Date of Award


Document Type


Degree Name

Doctor of Philosophy (PhD)


College of Education and Human Services


Family Science and Human Development

Thesis Sponsor/Dissertation Chair/Project Chair

Pauline Garcia-Reid

Committee Member

Katia Paz Goldfarb

Committee Member

Elizabeth Rivera-Rodas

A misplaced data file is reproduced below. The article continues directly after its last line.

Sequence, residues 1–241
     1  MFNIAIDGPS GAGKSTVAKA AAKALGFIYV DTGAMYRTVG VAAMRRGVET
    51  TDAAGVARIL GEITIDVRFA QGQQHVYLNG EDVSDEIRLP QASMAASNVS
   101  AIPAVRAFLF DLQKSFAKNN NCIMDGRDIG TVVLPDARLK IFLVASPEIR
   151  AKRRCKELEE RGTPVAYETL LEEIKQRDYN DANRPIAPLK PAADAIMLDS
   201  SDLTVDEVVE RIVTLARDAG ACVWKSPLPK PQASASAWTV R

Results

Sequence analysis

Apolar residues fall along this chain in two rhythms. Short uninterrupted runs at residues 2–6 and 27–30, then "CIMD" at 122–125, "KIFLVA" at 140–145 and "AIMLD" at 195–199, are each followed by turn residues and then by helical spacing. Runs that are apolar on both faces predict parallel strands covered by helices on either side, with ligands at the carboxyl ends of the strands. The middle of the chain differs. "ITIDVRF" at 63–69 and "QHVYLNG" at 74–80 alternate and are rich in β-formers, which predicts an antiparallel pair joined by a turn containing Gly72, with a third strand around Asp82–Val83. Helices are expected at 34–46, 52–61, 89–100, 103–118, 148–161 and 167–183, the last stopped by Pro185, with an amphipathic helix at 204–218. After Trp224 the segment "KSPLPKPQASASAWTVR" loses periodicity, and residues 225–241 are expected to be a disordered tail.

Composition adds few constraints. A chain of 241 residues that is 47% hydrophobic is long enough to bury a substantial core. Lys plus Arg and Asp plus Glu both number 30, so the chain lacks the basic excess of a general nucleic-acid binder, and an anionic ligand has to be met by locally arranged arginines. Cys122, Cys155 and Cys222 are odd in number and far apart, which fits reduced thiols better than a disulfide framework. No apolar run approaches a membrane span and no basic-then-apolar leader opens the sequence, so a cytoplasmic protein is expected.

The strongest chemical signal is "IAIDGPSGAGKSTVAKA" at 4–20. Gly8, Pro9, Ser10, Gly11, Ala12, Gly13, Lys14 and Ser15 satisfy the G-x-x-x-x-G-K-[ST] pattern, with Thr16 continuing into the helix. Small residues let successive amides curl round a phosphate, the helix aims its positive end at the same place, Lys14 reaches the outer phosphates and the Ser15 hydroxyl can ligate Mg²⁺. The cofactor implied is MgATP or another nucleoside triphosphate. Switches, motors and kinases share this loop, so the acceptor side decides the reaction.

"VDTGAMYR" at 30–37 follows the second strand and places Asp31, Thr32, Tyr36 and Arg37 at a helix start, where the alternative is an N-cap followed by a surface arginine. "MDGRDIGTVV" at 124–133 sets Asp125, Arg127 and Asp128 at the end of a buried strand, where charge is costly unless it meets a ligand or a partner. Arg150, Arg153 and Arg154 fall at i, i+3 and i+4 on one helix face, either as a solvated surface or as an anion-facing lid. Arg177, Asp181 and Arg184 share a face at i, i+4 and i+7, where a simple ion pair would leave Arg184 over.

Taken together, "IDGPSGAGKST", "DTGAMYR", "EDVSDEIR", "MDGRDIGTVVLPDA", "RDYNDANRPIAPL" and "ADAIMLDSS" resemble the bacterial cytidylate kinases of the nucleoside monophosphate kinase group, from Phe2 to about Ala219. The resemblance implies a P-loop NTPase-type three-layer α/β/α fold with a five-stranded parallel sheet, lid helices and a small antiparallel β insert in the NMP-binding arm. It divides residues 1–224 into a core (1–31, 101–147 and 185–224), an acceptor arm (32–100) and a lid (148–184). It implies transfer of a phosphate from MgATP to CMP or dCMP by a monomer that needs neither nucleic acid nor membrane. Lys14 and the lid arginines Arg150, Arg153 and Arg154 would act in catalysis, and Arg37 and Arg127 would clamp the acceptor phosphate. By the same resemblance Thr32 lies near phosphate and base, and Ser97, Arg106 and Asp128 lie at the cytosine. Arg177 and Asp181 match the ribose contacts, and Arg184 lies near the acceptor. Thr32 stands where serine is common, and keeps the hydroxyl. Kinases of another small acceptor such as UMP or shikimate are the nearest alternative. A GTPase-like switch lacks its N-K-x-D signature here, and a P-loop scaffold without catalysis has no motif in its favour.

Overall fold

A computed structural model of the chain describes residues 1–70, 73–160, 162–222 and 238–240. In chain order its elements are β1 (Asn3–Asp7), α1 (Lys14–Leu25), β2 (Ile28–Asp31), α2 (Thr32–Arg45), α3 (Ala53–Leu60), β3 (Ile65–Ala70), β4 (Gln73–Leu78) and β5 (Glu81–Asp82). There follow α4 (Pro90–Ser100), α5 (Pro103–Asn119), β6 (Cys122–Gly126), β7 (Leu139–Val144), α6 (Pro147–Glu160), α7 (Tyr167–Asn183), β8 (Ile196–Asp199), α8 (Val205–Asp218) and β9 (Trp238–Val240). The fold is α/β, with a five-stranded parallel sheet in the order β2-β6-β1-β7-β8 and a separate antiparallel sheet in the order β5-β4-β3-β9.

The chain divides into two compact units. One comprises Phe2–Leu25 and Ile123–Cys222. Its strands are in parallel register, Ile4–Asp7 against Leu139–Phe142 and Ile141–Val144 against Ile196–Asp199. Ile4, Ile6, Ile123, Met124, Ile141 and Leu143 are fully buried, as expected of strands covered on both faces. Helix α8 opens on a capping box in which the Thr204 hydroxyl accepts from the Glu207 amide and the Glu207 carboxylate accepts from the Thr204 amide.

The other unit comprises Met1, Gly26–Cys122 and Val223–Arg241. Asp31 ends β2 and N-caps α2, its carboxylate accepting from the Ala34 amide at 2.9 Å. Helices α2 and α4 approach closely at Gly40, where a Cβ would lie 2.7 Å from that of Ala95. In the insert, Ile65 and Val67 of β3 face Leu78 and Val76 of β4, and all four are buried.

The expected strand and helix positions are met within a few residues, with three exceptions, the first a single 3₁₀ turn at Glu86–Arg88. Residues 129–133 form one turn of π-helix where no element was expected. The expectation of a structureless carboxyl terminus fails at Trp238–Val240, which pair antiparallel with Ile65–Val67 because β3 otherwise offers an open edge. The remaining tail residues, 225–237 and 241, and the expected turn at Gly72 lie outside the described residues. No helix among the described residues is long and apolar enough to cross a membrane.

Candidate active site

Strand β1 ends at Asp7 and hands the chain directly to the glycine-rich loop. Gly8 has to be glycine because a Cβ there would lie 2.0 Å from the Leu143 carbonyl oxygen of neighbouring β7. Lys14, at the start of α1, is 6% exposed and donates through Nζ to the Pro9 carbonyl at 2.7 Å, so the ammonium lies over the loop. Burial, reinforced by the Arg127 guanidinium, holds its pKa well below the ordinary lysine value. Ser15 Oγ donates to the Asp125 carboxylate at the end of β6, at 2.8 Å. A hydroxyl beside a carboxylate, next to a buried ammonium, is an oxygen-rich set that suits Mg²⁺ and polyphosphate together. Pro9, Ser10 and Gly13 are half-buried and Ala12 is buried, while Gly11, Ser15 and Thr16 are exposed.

Postpartum depression (PPD) nearly doubles among immigrants. When we consider that Latinas are densely represented in the United States, the need to explore the risk and protective factors that may be associated with PPD onset among Latinas is critical. A consideration of racial discrimination, social support, and breastfeeding practices may aid in incorporating contributors that may be prevalent among Latinas. In particular, breastfeeding practices have differed by acculturation, yet there are inconclusive relations with depressive symptoms, therefore, examining the relationship with predictors may shed light on the intersection among individual, cultural, and societal factors by acculturation among Latinas. This dissertation examined the intersection of risk and protective factors with PPD and breastfeeding practices in three separate papers, with the inclusion of intersectionality and the convoy model of social networks. The first paper examined PPD risk through an intersectional lens that included the individual, cultural, and macro level contexts. The second paper, a quantitative secondary analysis using the NYC PRAMS dataset, explored the relationship between PPD, racial discrimination, and social support. Lastly, the third paper, a quantitative secondary analysis of the NYC PRAMS dataset, examined the relationship between risk and protective factors with PPD and breastfeeding practices. Outcomes for the studies reveal differences and an overlap between the risk and protective factors and their association with PPD and breastfeeding practices when considering acculturation among Latinas. The papers incorporated cultural and societal factors that are paramount within this population. Recommendations for research, practice, and policy were addressed in each of the papers.

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